May 2018 video compilation
Check out the retreat class of May 2018! Thanks to Estella Dong for the video.
The purpose of this course is to learn to think clearly about scientific issues, to gain confidence in your own ideas, and to express and share scientific ideas in discussions and in writing. The organizing principle for the course is the writing of a research grant proposal, during which students will engage in focused and sustained scientific interactions within a team. The grant proposals can have an applied component, but they must address exploration of basic science and general scientific principles, and they must have an interdisciplinary component. Working groups of 3-4 students each come up with a list of interdisciplinary research topics. The groups then discuss their lists in order to identify a particular topic that is potentially suitable for in-depth investigation. Each group then prepares a research grant proposal around the chosen topic. Instructors will assist the students by helping them to recognize good research questions and by providing guidance during the writing of the grant proposal. Proposals are reviewed and presented at various stages, including a final presentation.
ISCI 320: Research Development Retreat is about getting you, the student, to participate in and advance your own education. By this level in your studies you've learnt a lot of facts, theories, and methods. But have you ever thought about how to apply your knowledge? This course will give you the opportunity to synthesize the material you've learned in your other courses into an original research project. In doing so you will learn vital research skills.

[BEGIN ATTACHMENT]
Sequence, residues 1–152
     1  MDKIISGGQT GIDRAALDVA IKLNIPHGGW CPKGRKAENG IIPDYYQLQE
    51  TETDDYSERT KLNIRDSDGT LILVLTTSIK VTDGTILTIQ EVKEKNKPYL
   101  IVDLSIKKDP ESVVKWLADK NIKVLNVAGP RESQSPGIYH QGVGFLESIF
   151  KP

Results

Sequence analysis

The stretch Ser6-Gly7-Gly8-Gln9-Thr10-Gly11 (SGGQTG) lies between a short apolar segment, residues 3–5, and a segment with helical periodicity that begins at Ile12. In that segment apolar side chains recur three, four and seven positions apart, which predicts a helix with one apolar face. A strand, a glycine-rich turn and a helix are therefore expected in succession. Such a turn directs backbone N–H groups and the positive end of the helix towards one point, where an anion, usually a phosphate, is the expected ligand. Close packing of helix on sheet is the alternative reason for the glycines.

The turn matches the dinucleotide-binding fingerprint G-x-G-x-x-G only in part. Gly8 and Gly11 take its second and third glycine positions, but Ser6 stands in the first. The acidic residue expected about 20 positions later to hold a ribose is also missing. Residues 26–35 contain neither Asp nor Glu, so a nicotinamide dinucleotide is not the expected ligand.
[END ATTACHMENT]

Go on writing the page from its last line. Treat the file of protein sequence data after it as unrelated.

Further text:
The retreat will run for eight days in early May (soon after exams complete, see the Schedule for exact dates) with two pre-trip meetings in January-April. Students will work on projects roughly 10 hours per day for a total of at least 70 hours.
Working in a group of three or four, at the end of the retreat you will have:
Discovered an unsolved problem in basic science;
Developed, from your prior knowledge, several plausible explanations for the phenomenon in question;
Realized specific predictions that must follow if your explanations are correct;
Designed experiments to test your predictions and, in turn, your explanations;
Composed an original grant proposal that describes the phenomenon and your research methods;
Critically reviewed at least one other grant proposal; and
Presented and defended your research proposal before your peers.
By completing the above learning outcomes, on completion of the course you will be able to:
Express your innate curiosity about nature;
Formulate and interpret scientific theories;
Design simple and clear experiments that will support or refute theories;
Critically reflect on your own ideas; and
Express your ideas clearly and simply in writing and verbally.
As described below, your evaluation will measure your success in meeting the above objectives.
The goal of the workshop is to write a research proposal in groups of 3-4 students that stay together for the whole course. The proposal will be presented, discussed and evaluated at three stages of the process, with each stage representing a percentage of the whole grade. Proposals will be judged based on content and presentation. In addition, the teaching faculty will evaluate students based on the overall participation and performance, and each student will evaluate the efforts of each of the other students in their group during the course. As indicated below, students will be graded as a group in some tasks, and for their individual (solo) work in others.
Grades will be based on three stages of the research proposal (evaluated as a group) and individual evaluations by the instructors and peers. The mark distribution is:
|Initial Draft & Presentation||60 (Evaluated as a group. Each stage will be graded. Only the highest of the three grades will be counted.)|
|Final Proposal & Presentation|
|Instructor Evaluation||25 (Solo.)|
|Peer Evaluation||15 (Solo.)|
Initial Draft & Presentation